The COVID-19 pandemic has caused a rate of job losses that have not been seen since the Great Depression. Millions of jobs lost and businesses closed all around the country, and on top of that, the economic fallout is expected to hit the lower-income sector the most with recovery not expected in months or even years from now.
With sudden unemployment, paying the mortgage is just one of the many problems that Americans face. However, it’s one of the bills that cannot go unpaid due to the threat of homelessness. If you are currently facing this problem and can no longer afford your mortgage, here are some relief options that you might be eligible for:
Relief under the CARES Act
The Coronavirus Aid, Relief, and Economic Security (CARES) Act states that a homeowner with a federally-backed home loan who is currently facing financial hardship due to COVID-19 can get a forbearance on their mortgage. This is regardless of the homeowner’s delinquency status.
If you have a federally-backed mortgage program, you may apply for a forbearance period that will last up to 180 days and can be extended for another 180 days, given that you have experienced financial hardship due to the COVID-19 outbreak.
This law also halts foreclosures until March 31, 2021. Moreover, it prohibits negative credit reporting if a homeowner receives relief for their mortgage, as well as prevents charging of late fees, interest, and extra penalties. If a landlord applies for forbearance, they also cannot charge late fees or penalties to their tenants.
Federally-backed mortgage loans
These are loans that are backed by the federal government and Government Sponsored Enterprises or GSEs. You may be eligible for mortgage forbearance if you have a loan that is:
- insured by the Federal Housing Association (FHA)
- guaranteed or insured by the Department of Agriculture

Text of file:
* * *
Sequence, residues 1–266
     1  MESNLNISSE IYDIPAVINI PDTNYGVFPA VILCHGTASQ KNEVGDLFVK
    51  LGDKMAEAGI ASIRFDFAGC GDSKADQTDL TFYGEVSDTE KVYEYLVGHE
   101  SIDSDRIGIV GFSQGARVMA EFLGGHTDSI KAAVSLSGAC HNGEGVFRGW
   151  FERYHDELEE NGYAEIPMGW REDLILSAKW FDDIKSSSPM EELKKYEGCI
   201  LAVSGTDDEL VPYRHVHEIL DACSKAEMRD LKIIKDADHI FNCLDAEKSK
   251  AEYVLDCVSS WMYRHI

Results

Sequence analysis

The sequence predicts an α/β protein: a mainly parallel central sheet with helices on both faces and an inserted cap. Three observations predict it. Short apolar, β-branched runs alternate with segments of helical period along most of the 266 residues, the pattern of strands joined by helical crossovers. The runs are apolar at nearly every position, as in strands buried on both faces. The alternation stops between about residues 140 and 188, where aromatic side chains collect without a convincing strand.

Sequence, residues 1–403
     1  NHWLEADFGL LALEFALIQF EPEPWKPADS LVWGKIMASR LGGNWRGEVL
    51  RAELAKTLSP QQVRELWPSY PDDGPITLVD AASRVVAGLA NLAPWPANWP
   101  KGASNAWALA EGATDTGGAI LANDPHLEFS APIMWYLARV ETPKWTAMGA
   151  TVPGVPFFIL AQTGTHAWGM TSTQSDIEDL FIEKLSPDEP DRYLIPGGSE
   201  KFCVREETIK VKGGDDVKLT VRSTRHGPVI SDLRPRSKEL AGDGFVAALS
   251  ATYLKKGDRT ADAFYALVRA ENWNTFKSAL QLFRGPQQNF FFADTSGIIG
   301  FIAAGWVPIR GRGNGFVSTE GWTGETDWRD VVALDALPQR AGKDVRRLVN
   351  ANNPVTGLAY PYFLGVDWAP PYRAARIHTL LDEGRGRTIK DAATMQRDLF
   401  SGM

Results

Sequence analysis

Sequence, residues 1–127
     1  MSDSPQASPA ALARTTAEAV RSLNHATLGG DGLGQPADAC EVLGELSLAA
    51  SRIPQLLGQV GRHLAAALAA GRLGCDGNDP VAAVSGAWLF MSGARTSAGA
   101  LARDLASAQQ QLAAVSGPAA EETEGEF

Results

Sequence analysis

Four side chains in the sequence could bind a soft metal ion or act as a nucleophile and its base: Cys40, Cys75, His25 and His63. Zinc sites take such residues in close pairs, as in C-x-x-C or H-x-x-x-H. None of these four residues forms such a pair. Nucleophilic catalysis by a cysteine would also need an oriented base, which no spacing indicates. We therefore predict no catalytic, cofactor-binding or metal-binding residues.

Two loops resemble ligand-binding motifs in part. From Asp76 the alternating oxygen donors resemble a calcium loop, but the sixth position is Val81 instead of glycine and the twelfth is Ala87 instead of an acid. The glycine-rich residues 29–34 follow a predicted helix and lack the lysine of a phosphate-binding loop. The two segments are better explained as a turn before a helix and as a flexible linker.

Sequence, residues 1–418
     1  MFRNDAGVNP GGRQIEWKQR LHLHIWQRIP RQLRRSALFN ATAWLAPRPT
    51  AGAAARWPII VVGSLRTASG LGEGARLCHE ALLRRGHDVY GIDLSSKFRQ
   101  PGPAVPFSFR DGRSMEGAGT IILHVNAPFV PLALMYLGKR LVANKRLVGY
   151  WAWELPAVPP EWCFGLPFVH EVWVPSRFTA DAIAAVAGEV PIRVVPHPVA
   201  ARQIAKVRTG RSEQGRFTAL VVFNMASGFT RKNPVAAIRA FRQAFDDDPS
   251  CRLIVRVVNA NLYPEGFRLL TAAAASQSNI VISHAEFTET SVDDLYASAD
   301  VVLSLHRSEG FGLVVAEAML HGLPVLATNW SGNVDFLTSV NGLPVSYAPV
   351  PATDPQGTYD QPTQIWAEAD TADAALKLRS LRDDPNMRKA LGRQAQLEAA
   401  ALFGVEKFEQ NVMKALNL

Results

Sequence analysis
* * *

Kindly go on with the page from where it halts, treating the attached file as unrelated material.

- insured under section 255 of the National Housing Act
- guaranteed or insured under section 184 or 184A of the Housing Community Development Act of 1992
- guaranteed or insured by the Department of Veterans Affairs
- purchased or securitized by Fannie Mae or Freddie Mac
If your mortgage falls into one of the above-mentioned categories, contact your loan servicer to file a request. They only need your attestation that you have experienced financial hardship (directly or indirectly) due to the COVID-19 pandemic. You don’t need to submit any more documentation than that, and your loan servicer cannot require you to do so.
Check the website of the department or agency (VA, USDA, Fannie Mae, Freddie Mac, etc) that backs your mortgage loan to find out the deadline for applications. Payment options may also vary for each entity (lump sump, deferral program, repayment plan, etc.) when the forbearance period is over.
If, however, you can still afford your mortgage, it is recommended that you don’t request a forbearance. With a forbearance, you will still have to pay the full amount of your mortgage, only at a later date, and you may not be able to file a request again if you happen to experience a real struggle later on.
Requesting for extension
After the 180-day forbearance period is over and you still need assistance, you can request an additional 180-day extension.
Relief for non-government-backed loans
The CARES Act is for federally backed loans only. So, what should you do if you have a non-government-backed mortgage?
Contact your servicer or lender. Ask them about policies in place about loan forbearance or other forms of mortgage relief during this global crisis. They may offer deferral on your payments, forgiveness of late fees, or a loan modification.
Don’t stop making payments before you talk to your lender. If you are struggling to pay your mortgage, contact your lender or servicer as soon as possible. Lenders don’t want you to lose your house because that also means lost income for them. Let your lender know of your financial situation and talk about possible alternatives. If you suddenly stop paying, you will likely face late fees, negative effects on your credit score, and possibly even foreclosure.
Check for state protection programs. Your state may have special protection programs in place to protect homeowners from foreclosure and eviction. Check your state’s website to find out if there are such programs available to you.
Talk to a HUD counselor to find out what other options you have, free of charge.
For many Americans, the threat of losing their home may not have been as close as it is now. If you are in the same boat, there are plenty of options that you can look into, whether you have a federally backed loan or not.